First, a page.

Date: August 2011
Creator: Russell, Lisa M.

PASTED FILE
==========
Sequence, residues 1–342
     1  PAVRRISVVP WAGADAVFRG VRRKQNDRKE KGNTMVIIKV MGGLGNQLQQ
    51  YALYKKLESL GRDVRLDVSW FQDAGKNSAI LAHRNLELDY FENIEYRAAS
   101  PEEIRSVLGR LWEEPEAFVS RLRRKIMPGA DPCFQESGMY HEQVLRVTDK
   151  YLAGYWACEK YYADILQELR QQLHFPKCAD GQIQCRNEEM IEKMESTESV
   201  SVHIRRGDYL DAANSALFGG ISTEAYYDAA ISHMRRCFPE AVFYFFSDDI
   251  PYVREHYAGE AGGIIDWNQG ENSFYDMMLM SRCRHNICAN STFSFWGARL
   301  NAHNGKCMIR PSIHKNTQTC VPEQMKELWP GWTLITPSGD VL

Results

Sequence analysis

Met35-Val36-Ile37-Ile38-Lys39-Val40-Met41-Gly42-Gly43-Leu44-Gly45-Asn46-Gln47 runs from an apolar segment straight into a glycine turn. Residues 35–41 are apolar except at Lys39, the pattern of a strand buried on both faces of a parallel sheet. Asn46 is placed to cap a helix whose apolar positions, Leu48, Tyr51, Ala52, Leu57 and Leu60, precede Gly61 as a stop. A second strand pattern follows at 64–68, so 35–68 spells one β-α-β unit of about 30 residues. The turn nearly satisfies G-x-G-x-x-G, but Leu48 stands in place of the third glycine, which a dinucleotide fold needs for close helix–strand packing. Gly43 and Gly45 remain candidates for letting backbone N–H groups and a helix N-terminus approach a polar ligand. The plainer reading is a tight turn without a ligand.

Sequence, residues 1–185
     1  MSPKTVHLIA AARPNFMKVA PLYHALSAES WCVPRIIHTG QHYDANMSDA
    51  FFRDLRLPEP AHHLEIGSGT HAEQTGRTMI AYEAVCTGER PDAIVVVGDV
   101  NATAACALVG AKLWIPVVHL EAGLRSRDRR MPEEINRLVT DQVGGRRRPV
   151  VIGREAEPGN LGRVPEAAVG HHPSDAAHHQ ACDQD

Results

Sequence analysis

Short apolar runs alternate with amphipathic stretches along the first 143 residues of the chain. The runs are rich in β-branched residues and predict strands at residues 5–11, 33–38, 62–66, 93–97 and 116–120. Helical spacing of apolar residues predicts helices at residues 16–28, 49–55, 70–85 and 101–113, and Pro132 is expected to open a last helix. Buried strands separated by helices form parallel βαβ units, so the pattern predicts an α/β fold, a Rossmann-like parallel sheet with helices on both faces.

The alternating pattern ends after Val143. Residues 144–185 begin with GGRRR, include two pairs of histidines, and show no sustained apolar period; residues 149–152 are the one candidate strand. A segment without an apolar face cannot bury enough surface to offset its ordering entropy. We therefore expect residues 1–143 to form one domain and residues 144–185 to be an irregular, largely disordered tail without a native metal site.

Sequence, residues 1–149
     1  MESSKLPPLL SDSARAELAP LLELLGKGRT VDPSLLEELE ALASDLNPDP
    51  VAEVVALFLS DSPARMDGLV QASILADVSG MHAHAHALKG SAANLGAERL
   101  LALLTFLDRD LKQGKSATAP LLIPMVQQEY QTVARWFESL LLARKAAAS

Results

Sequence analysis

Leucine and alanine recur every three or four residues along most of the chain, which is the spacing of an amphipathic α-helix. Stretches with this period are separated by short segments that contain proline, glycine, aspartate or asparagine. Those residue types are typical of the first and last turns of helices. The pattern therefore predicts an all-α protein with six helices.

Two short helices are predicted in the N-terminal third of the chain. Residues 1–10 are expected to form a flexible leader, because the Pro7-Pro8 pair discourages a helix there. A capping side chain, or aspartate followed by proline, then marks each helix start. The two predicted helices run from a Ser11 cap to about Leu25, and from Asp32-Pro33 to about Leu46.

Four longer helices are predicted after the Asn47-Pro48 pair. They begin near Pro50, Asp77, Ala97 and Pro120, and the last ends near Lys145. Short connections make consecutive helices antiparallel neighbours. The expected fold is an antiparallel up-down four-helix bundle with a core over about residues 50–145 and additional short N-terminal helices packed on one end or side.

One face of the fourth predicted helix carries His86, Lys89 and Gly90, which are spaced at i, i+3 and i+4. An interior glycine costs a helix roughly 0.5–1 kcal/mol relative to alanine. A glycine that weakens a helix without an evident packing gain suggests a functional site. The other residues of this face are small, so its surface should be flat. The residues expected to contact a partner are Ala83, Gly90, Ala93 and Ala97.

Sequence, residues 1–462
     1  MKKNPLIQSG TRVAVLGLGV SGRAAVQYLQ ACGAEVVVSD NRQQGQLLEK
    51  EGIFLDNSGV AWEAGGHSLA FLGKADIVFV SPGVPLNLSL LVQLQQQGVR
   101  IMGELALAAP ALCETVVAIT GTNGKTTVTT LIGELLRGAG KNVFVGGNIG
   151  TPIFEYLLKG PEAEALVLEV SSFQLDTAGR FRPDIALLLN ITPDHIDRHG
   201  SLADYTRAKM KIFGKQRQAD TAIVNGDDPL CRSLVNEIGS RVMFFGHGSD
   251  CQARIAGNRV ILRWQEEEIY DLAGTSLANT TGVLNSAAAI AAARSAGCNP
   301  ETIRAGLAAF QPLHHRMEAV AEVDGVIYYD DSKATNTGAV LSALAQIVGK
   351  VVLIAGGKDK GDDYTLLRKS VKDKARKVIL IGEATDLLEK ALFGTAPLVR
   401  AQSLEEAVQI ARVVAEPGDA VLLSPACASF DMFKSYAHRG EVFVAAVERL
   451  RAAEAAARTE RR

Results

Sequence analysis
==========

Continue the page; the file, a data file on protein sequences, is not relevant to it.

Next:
Description: The purpose of this study is to analyze the relationships between stress and outcomes including organizational citizenship behavior (OCB), job satisfaction, and burnout in high-risk occupations. Moreover, how personality, emotions, coping, and leadership influence this relationship is investigated. Data were collected from 379 officers in 9 police organizations located in the Southern and Southwest United States. The primary research question addressed within this dissertation is: What is the relationship between stress and behavioral and affective outcomes in high-risk occupations as governed by coping, leadership, and crisis? The majority of the hypothesized relationships were supported, and inconsistencies center on methodological and theoretical factors. Findings indicate that occupational stressors negatively influence individuals in high-risk occupations. Moreover, crisis events exacerbate these influences. The use of adaptive coping strategies is most effective under conditions of low stress, but less so under highly stressful circumstances. Similarly, transformational leader behaviors most effectively influence how individuals in high-risk occupations are affected by lower, but not higher levels of stress. Profiles of personality characteristics and levels of emotional dissonance also influence the chosen coping strategies of those working in high-risk occupations. Prescriptively, it is important to understand the influences among the variables assessed in this study, because negative ...
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